Perhaps you are considering selling off your business at some point in the future. Businesses that have diversified portfolios tend to have an edge with regards to potential buyers.
Such buyers would love to know that their financial risk will be spread out across multiple market segments. You will therefore have additional bargaining clout when a buyout arrangement materializes.
What should you consider before embarking on business diversification?
9. Ensure that your new product/service has a value proposition for the customer
Your diversification efforts are guaranteed to achieve success if customers perceive the new product/service you are offering to be relevant and valuable.
Creating a new product/service that customers need to use very regularly is a good way to approach diversification.
10. Have expertise in your proposed area of diversification
Success will almost certainly be guaranteed if you have the expertise and know-how required for providing the new product/service. Ensure that the relevant systems and personnel required to deliver your new product/service to customers are in place.
It’s also a good idea if your new business direction is a fit with your overall business model thereby ensuring that you won’t be entering into completely uncharted territory. This way it will be easier for you to penetrate and expand within the new market segment.
11. Leverage on your business’ strengths
If you are thinking about diversification it means that you already have a successful business model in place.
Using this as the scaffolding for your next stage of business growth will make it easier to explore and implement the new ideas you have in mind. Of course you must be thoroughly knowledgeable about the ins and outs of the proposed business field.
Indeed, according to Peter Drucker, “attempts to diversify without either a foundation in common market or in common technology are doomed to frustration.”
12. Find the right people for the job
You must ensure that you have a competent team in place before you implement the proposed transition.
You’ll most likely be required to hire personnel that have the required skills, as well as train the current team to ensure that everyone is on board with the new direction the business will be taking.
Creating passion about the new direction amongst your employees is guaranteed to make implementation far much easier and more successful.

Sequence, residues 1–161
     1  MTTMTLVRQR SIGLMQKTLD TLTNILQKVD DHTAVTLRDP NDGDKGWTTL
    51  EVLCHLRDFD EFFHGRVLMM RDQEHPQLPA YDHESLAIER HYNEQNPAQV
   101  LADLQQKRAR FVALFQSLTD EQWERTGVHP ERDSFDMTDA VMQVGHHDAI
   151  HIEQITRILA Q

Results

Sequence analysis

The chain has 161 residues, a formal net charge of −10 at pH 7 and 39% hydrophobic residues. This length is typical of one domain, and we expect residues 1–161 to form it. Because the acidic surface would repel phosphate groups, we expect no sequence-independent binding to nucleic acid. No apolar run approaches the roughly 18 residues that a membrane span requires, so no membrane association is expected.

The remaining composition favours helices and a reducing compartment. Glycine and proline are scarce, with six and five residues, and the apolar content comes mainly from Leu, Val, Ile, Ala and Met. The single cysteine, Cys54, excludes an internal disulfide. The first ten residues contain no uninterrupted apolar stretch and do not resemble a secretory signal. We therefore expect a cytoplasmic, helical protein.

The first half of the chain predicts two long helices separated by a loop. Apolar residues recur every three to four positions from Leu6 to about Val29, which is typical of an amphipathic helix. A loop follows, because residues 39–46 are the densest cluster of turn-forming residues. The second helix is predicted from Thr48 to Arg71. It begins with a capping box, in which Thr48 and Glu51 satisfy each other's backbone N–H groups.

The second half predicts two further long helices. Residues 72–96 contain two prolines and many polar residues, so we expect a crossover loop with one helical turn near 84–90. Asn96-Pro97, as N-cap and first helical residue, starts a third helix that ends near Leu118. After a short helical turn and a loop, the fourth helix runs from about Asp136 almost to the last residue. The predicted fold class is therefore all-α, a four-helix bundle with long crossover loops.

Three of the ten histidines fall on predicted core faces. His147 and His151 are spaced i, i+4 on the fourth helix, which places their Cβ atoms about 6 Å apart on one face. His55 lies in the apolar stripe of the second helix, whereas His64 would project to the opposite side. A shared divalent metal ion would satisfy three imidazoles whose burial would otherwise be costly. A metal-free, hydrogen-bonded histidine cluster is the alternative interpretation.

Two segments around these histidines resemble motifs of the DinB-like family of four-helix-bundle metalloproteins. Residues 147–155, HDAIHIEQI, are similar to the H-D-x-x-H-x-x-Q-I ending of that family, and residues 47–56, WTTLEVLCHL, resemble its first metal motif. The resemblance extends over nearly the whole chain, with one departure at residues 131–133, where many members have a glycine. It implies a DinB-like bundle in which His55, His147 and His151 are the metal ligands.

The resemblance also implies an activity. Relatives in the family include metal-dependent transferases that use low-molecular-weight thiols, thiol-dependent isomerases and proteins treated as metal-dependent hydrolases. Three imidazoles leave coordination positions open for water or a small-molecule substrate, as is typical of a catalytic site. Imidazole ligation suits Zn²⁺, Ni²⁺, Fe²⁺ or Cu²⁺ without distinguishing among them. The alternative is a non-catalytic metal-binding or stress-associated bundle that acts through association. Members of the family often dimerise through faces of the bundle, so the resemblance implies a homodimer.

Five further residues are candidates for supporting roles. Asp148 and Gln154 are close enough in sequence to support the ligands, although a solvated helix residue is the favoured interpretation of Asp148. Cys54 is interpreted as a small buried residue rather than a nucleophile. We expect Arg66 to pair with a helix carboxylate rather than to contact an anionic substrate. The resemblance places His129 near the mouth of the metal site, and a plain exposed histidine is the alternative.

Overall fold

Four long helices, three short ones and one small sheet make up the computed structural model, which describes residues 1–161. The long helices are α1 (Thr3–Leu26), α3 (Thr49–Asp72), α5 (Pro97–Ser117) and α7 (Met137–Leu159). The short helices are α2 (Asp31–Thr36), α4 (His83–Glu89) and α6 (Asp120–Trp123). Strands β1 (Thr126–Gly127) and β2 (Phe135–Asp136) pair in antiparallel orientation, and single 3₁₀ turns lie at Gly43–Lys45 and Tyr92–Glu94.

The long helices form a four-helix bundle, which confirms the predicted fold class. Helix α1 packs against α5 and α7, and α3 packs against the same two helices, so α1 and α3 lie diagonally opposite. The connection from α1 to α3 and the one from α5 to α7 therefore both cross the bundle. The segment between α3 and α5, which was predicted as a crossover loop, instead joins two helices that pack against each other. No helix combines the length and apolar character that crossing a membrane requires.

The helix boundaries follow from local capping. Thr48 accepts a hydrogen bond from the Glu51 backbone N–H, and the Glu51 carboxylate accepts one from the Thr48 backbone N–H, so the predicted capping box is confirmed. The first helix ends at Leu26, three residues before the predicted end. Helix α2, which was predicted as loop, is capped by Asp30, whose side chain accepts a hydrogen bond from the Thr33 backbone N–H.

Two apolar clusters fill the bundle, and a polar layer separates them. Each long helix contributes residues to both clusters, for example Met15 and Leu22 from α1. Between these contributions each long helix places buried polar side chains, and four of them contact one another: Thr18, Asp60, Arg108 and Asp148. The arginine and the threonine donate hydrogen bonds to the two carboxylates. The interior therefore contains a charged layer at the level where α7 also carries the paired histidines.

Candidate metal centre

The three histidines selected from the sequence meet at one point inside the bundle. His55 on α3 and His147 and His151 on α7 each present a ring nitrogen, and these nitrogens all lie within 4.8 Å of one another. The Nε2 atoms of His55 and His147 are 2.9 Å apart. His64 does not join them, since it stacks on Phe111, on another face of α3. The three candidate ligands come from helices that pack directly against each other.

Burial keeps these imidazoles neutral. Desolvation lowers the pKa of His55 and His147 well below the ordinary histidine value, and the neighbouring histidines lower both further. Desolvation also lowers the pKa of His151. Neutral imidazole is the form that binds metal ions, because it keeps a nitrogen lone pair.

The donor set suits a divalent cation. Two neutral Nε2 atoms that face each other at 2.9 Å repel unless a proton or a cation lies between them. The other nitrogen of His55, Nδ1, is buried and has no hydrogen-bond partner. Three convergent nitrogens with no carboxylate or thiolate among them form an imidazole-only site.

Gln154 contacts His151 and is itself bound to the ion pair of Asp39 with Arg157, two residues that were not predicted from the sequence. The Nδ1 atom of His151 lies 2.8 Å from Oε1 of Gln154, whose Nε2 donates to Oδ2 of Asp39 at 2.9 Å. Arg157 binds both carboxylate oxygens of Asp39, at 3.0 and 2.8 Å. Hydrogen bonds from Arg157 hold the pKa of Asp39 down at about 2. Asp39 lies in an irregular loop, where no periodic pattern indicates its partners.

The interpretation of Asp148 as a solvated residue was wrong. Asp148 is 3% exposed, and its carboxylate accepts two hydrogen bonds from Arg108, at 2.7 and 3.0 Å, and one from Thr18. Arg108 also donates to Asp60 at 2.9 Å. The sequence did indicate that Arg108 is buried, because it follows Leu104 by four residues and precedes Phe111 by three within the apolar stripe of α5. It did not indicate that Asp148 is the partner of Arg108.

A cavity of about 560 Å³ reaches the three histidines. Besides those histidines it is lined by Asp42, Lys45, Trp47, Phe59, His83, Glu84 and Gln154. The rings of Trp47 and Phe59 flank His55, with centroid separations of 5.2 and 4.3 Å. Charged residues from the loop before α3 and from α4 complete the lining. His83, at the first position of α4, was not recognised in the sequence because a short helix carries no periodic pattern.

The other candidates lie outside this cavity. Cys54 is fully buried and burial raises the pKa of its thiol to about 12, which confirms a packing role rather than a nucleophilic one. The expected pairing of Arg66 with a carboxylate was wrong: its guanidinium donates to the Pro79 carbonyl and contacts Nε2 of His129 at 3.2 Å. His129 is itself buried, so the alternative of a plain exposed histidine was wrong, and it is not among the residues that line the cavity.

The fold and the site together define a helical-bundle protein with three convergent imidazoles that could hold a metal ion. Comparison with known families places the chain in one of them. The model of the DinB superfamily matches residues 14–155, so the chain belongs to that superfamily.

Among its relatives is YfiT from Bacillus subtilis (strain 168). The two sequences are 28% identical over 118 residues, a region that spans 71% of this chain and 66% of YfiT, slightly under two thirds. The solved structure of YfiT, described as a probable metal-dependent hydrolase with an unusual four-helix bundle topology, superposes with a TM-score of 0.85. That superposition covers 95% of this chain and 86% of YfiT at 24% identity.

What types of diversification can you consider for your current product/service?
Adaptation will involve tweaking and/or adjusting your product/service so that it can become useful to a new type of clients.
For example, if you create top-notch premium-priced anti-virus software you may think of introducing two new versions of the software, say basic and advanced, that will cost cheaper and attract two new categories of consumers. This is an example of a diversified sales strategy.
14. Introducing complementary products/services
Here you will be introducing a new line of product/service that is related to what you offer, but that your customers currently have to purchase from a different vendor or competitor.
For example, if you manufacture pencils, you may decide to introduce erasers and pencil sharpeners. This is an example of related and/or concentric diversification.
Some of these approaches may require you to purchase a company that produces the sort of product/service you wish to introduce. This typically results in a diversified business portfolio and the elimination of a potential competitor from the market.
15. Introducing an integrated product/service lineup
Quite similar to the previous strategy, this is about finding out what more your business can offer the market with regards to its current offerings.
The pencil manufacturer can think about adding color pencils, crayons, ballpoint pens and fountain pens to its product portfolio. This is an example of horizontal diversification.
16. Strategic partnerships
It may be the case that there are viable opportunities to be accrued by partnering with another company that has little or no synergy with your business.
The pencil manufacturer can perhaps partner with a toiletries manufacturer resulting in a win-win alliance.
17. Anticipating future market requirements
The last thing you would want for your business is to be rendered obscure as a result of failing to keep up with industry advancements.
18. Launching new stores
This is the conventional way of reaching more of your target customers. You can invest in opening a new store/s in another town(s) or state(s). This is described as geographical diversification.
It doesn’t have to stop there. Venturing to neighboring countries and other continents is a possibility you can pursue in future.
19. Embracing e-commerce
Considering that people are increasingly embracing the conveniences of online shopping, your business will definitely expand its reach by targeting a global audience.
Again, considering how expansive the online marketplace is, who says you can’t open multiple stores?
This is a good example of market diversification.
While you may as a small business owner feel the natural inclination to maintain your business’ current status quo (and enjoy the risk-free and safety advantages of doing so), it is worth appreciating that sudden events can result in the stalling or complete demise of your enterprise.
Business diversification is a proactive way to forestall such eventualities. It is also an effective way of growing your business and adding to your revenue.
In what ways have you diversified your operations? If you haven’t done this yet, what are some of the ideas you may consider implementing?